SOUTH PORTLAND — The Planning Board on Wednesday recommended the City Council move ahead with regulations that would welcome medical marijuana growers and retailers.
The draft zoning and licencing amendments include several changes, including defining types of medical marijuana businesses and the commercial and industrial zoning districts where the businesses would be allowed.
Cultivation facilities may also be allowed to sell some product.
The ordinance would not affect home-based unregistered caregivers, but would regulate registered caregivers and caregiver storefronts, registered caregiver cultivation facilities, and manufacturing and testing facilities for medical marijuana products, according to the city.
The ordinance would also update zoning policy related to dispensaries, allowing them in all of the same zones that now allow adult-use marijuana stores and cultivation, and would increase the limit of only one in the city.
Several proponents at the meeting said they are pleased with this change, since only allowing one in the city would limit competition.
Site plan review by the Planning Board would be required to start an adult use and medical marijuana business, and applicants would also be required to submit a security plan, according to the proposal.
Similar to recreational retail shops, medical marijuana storefronts would be prohibited within 1,000 feet of schools or within 300 feet of places of worship, measured from property lines.
Adult-use marijuana testing facilities do not require a city license, and none would be required of medical marijuana testing facilities unless the council decides otherwise. The Planning Board was limited to discussing zoning regulations at Wednesday’s meeting.
The city first began considering how to manage recreational and medical marijuana storefronts in February after it received several inquiries from prospective businesses interested in opening medical marijuana offices and storefronts.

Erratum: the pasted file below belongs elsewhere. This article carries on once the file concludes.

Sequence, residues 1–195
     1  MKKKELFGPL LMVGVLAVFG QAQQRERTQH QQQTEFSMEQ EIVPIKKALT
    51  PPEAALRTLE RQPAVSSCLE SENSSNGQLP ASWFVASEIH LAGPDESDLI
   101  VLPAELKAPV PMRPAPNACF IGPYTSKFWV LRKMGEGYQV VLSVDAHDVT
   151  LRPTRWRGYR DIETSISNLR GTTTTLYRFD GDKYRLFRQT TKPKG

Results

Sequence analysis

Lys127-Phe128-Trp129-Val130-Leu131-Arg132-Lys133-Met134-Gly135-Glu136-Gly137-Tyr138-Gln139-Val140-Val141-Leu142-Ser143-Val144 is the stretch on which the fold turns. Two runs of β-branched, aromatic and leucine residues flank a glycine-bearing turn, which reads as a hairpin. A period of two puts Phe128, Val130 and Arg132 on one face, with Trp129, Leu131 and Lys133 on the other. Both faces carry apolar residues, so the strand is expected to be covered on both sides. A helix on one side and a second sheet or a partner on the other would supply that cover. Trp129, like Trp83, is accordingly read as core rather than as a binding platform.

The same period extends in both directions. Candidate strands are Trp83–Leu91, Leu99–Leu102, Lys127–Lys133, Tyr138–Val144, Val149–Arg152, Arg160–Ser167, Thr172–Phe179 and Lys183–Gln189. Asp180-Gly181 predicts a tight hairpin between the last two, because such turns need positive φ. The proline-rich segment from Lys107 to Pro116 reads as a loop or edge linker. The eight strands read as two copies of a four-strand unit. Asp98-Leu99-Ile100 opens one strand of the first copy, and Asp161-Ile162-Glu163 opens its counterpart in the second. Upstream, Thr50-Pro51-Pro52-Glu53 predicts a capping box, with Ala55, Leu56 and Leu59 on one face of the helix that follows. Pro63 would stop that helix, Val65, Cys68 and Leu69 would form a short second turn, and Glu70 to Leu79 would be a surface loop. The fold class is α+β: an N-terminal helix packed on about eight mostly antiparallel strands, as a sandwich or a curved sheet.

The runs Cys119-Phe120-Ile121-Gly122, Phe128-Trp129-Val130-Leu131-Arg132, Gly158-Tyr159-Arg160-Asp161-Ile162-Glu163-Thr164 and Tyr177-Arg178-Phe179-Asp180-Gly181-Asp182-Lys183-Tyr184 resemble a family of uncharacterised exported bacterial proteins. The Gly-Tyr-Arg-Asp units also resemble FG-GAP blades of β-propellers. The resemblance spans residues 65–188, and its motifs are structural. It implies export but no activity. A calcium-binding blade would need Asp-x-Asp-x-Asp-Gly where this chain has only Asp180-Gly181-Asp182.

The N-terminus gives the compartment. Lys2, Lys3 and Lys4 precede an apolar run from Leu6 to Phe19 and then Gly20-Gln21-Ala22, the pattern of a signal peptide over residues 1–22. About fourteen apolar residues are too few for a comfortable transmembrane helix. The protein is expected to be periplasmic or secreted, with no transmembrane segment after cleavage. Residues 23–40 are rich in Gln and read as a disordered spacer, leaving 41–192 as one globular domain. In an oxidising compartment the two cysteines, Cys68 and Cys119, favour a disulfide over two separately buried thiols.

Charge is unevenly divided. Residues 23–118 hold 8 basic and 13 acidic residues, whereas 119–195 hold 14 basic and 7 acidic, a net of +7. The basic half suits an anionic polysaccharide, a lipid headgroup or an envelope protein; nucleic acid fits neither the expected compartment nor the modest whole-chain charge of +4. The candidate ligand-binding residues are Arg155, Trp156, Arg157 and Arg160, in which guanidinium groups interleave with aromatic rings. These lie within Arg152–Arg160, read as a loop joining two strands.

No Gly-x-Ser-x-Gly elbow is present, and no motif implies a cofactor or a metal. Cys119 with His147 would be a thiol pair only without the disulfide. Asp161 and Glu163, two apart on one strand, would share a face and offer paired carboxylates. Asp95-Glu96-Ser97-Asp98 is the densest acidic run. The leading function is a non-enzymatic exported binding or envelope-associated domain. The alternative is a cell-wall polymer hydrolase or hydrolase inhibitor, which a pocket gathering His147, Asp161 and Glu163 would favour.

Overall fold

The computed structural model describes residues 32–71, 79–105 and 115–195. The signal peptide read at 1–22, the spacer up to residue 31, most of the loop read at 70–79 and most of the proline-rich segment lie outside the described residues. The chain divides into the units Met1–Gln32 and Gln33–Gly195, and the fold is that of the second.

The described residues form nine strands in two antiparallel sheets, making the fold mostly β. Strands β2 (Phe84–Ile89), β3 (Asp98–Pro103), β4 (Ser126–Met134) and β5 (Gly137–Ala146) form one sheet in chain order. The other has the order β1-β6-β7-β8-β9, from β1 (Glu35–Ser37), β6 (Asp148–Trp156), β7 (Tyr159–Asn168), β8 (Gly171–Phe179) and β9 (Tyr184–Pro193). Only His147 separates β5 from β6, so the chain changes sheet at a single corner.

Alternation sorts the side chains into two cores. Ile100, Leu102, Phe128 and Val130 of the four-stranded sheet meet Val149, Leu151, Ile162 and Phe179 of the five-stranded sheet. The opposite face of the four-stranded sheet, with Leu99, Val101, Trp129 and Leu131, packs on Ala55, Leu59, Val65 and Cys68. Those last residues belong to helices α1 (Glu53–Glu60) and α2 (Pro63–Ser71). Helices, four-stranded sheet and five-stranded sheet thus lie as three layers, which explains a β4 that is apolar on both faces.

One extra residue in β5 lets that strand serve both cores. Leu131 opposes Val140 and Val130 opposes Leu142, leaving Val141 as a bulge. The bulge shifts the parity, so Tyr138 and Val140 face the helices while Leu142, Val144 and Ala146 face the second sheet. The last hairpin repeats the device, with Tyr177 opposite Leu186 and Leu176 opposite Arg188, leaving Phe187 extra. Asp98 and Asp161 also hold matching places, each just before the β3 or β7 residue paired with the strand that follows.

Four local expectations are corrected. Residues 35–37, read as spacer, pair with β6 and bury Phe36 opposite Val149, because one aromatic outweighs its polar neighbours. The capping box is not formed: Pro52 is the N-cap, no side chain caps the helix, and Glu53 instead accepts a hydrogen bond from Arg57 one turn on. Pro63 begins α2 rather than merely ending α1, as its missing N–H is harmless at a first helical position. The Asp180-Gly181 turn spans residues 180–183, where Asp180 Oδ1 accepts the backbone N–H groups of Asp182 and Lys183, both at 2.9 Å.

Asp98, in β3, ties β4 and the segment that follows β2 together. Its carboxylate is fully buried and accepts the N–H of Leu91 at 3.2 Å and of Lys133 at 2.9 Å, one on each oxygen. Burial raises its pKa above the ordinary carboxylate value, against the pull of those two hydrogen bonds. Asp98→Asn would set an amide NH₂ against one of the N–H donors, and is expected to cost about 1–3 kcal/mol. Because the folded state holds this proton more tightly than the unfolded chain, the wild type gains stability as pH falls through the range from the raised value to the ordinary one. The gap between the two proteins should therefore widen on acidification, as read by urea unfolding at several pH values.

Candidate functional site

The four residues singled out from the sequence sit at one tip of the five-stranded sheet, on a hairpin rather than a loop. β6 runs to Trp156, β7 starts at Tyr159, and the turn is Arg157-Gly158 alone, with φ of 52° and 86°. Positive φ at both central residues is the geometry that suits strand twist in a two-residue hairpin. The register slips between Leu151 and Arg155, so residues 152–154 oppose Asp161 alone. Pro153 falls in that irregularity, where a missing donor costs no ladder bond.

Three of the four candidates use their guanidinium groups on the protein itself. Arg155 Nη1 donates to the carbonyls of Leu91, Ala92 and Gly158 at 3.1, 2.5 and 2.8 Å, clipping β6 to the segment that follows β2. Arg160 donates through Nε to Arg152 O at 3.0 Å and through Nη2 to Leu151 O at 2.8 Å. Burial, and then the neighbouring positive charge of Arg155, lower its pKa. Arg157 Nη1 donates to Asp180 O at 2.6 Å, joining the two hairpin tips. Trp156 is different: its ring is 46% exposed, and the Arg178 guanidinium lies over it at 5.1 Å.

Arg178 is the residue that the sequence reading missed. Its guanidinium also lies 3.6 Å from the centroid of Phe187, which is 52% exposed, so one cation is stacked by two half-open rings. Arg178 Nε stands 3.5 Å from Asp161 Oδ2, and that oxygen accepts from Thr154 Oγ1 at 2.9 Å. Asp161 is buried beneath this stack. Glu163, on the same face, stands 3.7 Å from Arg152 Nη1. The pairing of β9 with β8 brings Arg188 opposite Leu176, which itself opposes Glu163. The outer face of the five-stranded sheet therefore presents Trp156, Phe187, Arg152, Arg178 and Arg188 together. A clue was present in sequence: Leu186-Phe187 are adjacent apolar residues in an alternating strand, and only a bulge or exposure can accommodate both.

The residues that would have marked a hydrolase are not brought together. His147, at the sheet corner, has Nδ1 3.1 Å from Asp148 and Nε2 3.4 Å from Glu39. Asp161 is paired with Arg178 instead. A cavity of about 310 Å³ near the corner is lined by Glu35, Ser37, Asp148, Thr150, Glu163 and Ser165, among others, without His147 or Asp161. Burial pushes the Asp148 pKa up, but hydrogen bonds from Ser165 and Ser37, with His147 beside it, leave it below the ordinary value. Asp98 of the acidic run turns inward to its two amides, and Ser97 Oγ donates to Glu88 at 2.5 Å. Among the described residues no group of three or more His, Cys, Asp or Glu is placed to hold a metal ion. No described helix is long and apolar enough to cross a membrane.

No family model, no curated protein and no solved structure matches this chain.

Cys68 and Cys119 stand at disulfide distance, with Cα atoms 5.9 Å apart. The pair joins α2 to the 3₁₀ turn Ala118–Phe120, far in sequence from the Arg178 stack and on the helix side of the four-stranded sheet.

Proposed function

Last November, the council voted on rules for establishing retail cannabis businesses. Most other municipalities in the area, including Scarborough, have enacted moratoriums to give them more time to adopt regulations consistent with state law.
The unanimous vote to send the ordinance to the council’s Aug. 21 meeting came after discussions that mostly focused on security and odor. The board decided that the product should be kept secure, within an enclosed area, and also a third party should review odor compliance, whether at the property line or at the door of a facility.
Board member Katherine Gatti said there are ventilation systems that can mitigate odor, and said that should be a condition of approval.
Caregiver Matt Davis said there still seems to be a bit of a “reefer madness” stigma associated with marijuana businesses, and odor would be similar to bakeries and restaurants.
“It shouldn’t reek up the neighborhood, but at the door, there will be an odor,” he said.
The board also considered the possibility of grower cooperatives, or several individuals growing personal-use marijuana on a single parcel of land.
Board member Mary DeRose said she would like to allow this option for people unable to pay to start a business on their own, and to provide the opportunity for entrepreneurial growth in the city.
South Portland voted in 2014 to legalize possession of small amounts of marijuana by adults.
State law now allows individuals to cultivate three flowering plants, 12 immature plants, and an unlimited number of seedlings for personal use on their property.